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County Agrees To Take On I-526 Funding

Renewed Hopes for completion Take First Step

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March 8, 2017
From Staff Reports

Charleston County Council voted to reaffirm its intention to pay its part, whatever that turns out to be, for the completion of Interstate 526 beltway.

But don’t start a naming contest for the new section of roadway that would bend from where it terminates near Citadel Mall in West Ashley to where it starts again as the Connector on James Island.

Council Chairman Vic Rawl, who represents West Ashley, said the votes just gets the effort “back on track,” and warns that it will still be years before speculation can be replaced by bulldozers and cement trucks.

All the vote this week did, said Rawl, was fulfill the county’s responsibility in the contract it has with the state to complete the project. Next up, said Rawl, would be the tough process of getting an environmental impact study completed.

Other factors may have sped up the process, as Gov. Henry McMaster this week removed Vince Graham as the chair of the State Infrastructure Bank, with which the county has the contract for the road.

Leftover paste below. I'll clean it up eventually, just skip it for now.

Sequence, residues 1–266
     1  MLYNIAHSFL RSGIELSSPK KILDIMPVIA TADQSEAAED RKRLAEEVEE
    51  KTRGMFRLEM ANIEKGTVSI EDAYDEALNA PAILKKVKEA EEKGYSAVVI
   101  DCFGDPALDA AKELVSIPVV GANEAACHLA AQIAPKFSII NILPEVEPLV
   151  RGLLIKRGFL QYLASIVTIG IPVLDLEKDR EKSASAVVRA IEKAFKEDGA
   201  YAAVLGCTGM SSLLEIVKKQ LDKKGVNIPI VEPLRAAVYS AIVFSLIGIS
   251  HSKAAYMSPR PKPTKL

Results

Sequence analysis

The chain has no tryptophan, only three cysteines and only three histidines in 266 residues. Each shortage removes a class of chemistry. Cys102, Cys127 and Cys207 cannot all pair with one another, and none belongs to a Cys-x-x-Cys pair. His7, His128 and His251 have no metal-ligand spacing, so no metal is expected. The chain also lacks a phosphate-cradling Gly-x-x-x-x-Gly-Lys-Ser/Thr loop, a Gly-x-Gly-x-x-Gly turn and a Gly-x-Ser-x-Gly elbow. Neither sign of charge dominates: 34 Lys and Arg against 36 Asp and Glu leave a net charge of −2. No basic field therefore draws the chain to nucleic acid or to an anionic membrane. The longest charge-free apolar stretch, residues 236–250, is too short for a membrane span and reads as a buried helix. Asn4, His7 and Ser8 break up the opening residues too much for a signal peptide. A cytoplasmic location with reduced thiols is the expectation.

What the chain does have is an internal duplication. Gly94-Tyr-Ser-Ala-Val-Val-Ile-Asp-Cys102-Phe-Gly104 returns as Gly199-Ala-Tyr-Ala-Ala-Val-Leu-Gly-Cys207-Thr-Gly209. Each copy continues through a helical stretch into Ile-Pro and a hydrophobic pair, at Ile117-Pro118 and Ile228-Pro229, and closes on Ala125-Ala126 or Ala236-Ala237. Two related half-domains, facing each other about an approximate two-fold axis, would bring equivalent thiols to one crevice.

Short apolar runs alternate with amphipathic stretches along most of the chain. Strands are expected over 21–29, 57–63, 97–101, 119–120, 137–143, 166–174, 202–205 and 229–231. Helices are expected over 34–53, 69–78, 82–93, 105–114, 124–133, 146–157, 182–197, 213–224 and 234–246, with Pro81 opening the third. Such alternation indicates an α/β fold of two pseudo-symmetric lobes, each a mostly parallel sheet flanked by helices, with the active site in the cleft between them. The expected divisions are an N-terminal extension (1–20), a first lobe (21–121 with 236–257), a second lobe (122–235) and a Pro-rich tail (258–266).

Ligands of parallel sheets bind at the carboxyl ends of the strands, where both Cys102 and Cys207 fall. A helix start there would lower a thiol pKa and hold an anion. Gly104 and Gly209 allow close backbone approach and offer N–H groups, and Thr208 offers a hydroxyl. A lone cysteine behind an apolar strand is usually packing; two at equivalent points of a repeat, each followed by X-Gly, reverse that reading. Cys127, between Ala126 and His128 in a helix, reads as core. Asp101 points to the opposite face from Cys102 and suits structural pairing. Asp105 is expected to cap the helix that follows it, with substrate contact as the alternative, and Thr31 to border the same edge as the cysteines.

Graham, noted for his award-winning I’On development in Mount Pleasant, had been seen as an impediment to the process and a foe of completion.

Additionally, S.C. Coastal Conservation League executive director Dana Beach announced he was stepping down due to health reasons. The Beach-led SCCCL had been a tireless foe of the project, and had stopped other big developments in the past, including blocking a “Global Gateway” port on Daniel Island years ago.

State Sen. Larry Grooms (R-Bonneau), who chairs the Transportation Committee in the S.C. Legislature, said that the project may not be politically possible due to the apparent funding sources.

Grooms believed that in order to fully fund the project, seven local governments would have to give up the lion’s share of their federal and state roads funding “for this one project … for the next 20 years!”

Grooms also said that his Republican colleague in the state Senate, Hugh Leatherman of Florence, was still against the projects.

Leatherman, who sits on the SIB board and is the president of the Senate as well as the chair of the powerful Finance Committee, wants to repurpose the hundreds of millions of state dollars that had been set aside for the project, according to Grooms.

Sources inside the Statehouse said that Leatherman is still wary of the project due to the multiple stands local governments have taken on the project, including Rawl’s predecessor as chair, Elliot Summey, seemingly playing both sides of the issues in public and private.

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